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  1. #1
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    Newly acquired M&P (Model of 1902)

    I'm mostly a midcentury collector (1930s through 1950s), but every so often a hand ejector from outside that zone says, "Take me home." This one said exactly that, so I did.

    .38 Hand Ejector (M&P) Model of 1902, First Change. S/N 43786. Shipped May 1904. Four inch barrel, round butt, walnut stocks instead of the more common hard rubber. (But these stocks are seemingly not original; the number 9607 is pressed into the back of the right panel.)






    The caliber stamping is kind of interesting. (For those who may not know, "38 U.S. Service Ctg" is Smith-and-Wesson-speak for "38 Long Colt." The .38 Special round was developed as a more powerful answer to the .38 Long Colt cartridge and eventually squeezed it out of the medium-bore law enforcement and commercial shooting market.)




    It has a top sideplate screw, but it's a four-screw gun! The frame screw for access to the cylinder stop spring didn't come along until a few years later as the internal workings of the hand ejectors continued to be refined.




    This model didn't have the familiar rebound slide system for trigger return, so when I opened it up to clean it I was prepared to see an unfamiliar configuration. But I almost couldn't see the lockwork at all under the congealed oil and varnish.




    But I figured everything out, tore it down, got everything all shined up and put it back together with more reserved lubrication.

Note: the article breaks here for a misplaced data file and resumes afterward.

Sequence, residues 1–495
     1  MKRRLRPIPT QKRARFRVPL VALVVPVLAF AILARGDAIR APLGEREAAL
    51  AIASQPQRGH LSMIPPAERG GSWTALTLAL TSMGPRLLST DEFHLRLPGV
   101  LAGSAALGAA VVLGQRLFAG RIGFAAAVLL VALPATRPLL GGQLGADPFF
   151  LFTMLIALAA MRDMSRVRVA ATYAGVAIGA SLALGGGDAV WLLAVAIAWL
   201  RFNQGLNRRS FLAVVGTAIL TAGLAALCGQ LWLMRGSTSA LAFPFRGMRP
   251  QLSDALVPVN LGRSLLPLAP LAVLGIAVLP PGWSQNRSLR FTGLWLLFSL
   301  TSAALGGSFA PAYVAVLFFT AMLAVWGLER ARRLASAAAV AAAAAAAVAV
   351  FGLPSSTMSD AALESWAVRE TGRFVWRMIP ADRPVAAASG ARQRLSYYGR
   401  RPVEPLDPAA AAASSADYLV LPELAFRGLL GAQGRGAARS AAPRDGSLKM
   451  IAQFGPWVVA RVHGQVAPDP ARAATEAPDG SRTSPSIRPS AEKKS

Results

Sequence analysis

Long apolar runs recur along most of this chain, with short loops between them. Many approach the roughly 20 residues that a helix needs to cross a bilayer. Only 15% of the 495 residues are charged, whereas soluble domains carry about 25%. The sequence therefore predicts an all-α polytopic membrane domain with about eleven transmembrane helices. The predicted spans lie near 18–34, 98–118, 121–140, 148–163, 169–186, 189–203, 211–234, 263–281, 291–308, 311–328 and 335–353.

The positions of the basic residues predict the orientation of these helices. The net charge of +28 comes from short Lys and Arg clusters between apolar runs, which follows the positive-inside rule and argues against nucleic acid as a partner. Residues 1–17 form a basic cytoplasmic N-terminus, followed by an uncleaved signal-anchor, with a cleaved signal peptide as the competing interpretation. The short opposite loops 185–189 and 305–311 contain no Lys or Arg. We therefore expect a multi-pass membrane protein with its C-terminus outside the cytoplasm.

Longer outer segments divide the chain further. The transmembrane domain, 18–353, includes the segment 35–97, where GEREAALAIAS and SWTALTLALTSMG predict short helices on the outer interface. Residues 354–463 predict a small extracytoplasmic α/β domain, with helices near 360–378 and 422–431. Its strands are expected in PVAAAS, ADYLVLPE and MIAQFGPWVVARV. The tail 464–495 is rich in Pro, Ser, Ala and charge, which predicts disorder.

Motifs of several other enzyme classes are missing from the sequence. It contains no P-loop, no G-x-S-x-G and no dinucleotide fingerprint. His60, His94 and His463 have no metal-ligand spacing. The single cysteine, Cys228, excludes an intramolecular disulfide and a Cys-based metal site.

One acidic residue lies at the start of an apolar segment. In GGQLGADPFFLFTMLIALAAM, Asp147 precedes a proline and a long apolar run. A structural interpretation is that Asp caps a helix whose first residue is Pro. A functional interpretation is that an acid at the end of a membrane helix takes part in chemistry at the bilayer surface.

The front strap and backstrap are pretty much down to the metal, and the top of the frame is pretty spotty. But the rest of the finish is actually pretty good. This one was carried a lot, but seemingly not much shot. Certainly the fouling pocket over the breech end of the barrel doesn't look as though anybody ever scrubbed it repeatedly to keep it clean.



    The recoil shield doesn't show any blue loss from cartridge slap.



    And best of all, it's a first change with a bigger barrel thread diameter and therefore a stronger barrel/frame connection. That means I can shoot +P in it, right?

    JK!

    But I will take this to the range and pop some low-pressure match ammo in it. The chambers and bore are in great shape, by the way.

    There are so many 1905/Fourths around that it is hard to get really excited about M&P models. But the early ones, while the engineering and design of the hand ejectors were evolving quickly even as production was under way, are a little more interesting. Of the million M&Ps made between 1899 and 1942, fewer than 30,000 were 1902/Firsts. This version came with 4", 5" and 6.5" barrels. It would be interesting to know the production statistics broken down by barrel length.

    Range report to come.
    David Wilson
    S&WCA No. 2206 / SWHF Founding Member No. 144 / NRA Life Member

  2. #2
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    Re: Newly acquired M&P (Model of 1902)

    David,

    That's very cool! I've got No. 781 around here someplace, I'll have to dig it out and get some snapshots up... not nearly as snice as yours!

    Good Gun!

    Drew
    ".... Evil Flourishes When Good Men Do Nothing...."

  3. #3
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    Re: Newly acquired M&P (Model of 1902)

    David, those are some great pics! I've never had one and seeing the innards is pretty cool, like a time machine!

    thanks!
    Give me a Scotch, I'm starving!

  4. #4
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    Re: Newly acquired M&P (Model of 1902)

    Nice buy David, I think I would ave taken it home too. I agree with you about the '02 models, the '05s are nice but,,,,
    My friends call me 'Mick'
    Save the Second Amendment, take a kid shooting!


 

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